It's still about the meritocracy, by @DavidOAtkins

It's still about the meritocracy

by David Atkins

Writing this post late Tuesday night after being on the floor of the convention. Need to get up again in a little under five hours, but wanted to share two quick thoughts.

First the good news. The positive energy on the floor of the arena wasn't fake. It was real. It's quite clear that Democrats actually care about and like these candidates, by and large. The speeches were positive and on point, the video presentations moving, and it all touched on a consistent emotional narrative. Remember that this is what Republicans usually do much better than Democrats. But not this year. This year the emotional narratives are much stronger on the Democratic side, which is fairly remarkable given nearly four years of a Presidency marked by technocracy and obsessive compromise-seeking. That's partly due to advances in the skills of Democratic rhetoricians, and partly due to the desperate, mendacious meanness of the modern Republican message. On the electoral side of the equation, the convention gives me confidence that the President's team knows what it's doing.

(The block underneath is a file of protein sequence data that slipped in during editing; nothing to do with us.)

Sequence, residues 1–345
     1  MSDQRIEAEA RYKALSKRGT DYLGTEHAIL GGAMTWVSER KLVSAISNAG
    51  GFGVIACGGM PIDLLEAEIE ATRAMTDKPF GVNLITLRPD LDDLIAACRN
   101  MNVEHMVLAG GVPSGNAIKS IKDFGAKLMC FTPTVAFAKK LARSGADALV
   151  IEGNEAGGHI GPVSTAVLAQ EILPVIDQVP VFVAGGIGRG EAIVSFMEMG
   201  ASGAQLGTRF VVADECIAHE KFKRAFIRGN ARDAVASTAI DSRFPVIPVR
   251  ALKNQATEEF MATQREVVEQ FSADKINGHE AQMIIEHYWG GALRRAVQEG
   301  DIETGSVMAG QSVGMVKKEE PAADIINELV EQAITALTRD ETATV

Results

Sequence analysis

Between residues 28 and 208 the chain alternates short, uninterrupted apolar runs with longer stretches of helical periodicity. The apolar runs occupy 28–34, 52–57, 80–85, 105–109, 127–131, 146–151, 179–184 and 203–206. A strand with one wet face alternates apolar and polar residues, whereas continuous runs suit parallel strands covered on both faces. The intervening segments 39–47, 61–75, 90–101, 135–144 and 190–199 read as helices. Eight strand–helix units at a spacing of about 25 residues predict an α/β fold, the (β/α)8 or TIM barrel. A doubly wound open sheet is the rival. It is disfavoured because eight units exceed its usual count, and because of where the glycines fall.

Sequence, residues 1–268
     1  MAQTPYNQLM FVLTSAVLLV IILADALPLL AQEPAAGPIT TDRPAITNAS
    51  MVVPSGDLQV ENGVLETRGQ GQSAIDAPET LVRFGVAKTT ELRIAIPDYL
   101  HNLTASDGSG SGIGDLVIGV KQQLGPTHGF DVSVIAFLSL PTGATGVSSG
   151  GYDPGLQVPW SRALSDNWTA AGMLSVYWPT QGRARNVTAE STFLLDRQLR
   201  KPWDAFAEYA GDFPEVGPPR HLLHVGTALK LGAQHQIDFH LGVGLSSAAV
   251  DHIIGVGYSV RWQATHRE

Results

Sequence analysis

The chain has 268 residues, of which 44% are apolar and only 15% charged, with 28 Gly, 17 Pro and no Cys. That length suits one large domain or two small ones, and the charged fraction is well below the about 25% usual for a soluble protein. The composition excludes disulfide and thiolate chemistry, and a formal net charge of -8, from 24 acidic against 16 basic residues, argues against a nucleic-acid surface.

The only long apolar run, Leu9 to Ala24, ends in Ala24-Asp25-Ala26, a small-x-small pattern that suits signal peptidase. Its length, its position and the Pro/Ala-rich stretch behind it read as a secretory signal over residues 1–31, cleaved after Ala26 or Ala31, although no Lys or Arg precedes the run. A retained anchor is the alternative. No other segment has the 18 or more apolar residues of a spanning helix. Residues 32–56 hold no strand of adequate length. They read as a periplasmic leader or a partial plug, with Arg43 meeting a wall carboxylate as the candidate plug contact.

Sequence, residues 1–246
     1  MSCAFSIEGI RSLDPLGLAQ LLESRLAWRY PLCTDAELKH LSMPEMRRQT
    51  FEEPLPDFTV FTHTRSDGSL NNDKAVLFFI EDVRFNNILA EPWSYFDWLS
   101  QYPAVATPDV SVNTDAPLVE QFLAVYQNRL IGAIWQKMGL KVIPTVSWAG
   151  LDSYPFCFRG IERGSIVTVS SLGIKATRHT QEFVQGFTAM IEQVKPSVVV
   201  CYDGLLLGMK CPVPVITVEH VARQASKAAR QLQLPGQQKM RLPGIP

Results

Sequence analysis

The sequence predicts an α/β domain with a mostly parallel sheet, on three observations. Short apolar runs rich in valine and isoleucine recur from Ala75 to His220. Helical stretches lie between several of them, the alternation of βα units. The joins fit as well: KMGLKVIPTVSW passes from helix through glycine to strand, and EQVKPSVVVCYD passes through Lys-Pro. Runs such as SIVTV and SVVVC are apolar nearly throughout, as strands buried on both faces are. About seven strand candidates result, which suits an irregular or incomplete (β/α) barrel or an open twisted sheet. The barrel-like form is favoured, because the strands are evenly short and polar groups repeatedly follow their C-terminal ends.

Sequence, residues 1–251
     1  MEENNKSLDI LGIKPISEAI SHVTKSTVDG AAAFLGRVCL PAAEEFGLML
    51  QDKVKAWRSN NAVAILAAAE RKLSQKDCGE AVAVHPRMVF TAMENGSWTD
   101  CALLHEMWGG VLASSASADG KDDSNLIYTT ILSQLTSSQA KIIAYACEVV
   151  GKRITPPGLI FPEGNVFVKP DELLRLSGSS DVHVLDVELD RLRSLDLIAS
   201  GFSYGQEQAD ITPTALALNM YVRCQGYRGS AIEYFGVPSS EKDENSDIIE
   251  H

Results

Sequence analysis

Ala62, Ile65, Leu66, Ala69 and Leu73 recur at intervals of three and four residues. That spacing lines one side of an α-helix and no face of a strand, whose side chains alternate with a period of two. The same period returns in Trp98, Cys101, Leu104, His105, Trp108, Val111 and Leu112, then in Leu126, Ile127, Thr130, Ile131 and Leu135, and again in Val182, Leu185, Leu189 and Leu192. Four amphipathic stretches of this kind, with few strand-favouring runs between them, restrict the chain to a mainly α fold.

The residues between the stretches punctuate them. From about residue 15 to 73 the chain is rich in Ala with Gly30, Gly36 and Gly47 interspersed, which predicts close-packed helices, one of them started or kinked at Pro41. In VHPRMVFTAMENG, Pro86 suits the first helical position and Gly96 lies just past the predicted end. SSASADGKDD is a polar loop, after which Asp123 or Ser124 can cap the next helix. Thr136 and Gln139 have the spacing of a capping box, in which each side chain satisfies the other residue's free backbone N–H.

The bad news is that as emotionally compelling as many of the speeches were tonight, the key themes almost all centered around equal access to opportunity. Over and over again, the theme was that success should be available to those who work hard. Michelle Obama celebrated her father who went to work every day despite physically devastating illness just to pay for her college education, and even took out loans to make it happen. She said that it mattered less how much you made, and more how hard you worked.

And all I could do at certain points was sigh and shake my head.

No. As inspiring as I'm sure those points sound to most people, they're problematic. We shouldn't live in a society where a man with multiple sclerosis must work long hours just so that his bright young daughter can attend college. We should not be a society where long, hard work merely affords the opportunity at success. We shouldn't be a society that worships people who work 50-60 hours a week at the expense of leading a decent life with time to actually raise a family and develop pursuits and interests.

We need to be a society that does much more than provide equal access to our deeply unjust and flawed pseudo meritocratic system. We need to be a society that guarantees basic dignity for all people, a society that understands that luck is just as big a factor in most people's success as hard work, and a society that understands that there is more to human life than simply destroying one's life and soul to maximize some corporation's profits.

We can't expect our leaders to come out and say these things right now. That conversation must percolate upwards, at first from those who are considered "unserious" and have the opportunity to shift the Overton Window. But we do need to begin having the conversation that undermines the notion of the meritocracy itself. Big thanks are due to Chris Hayes for getting that conversation going.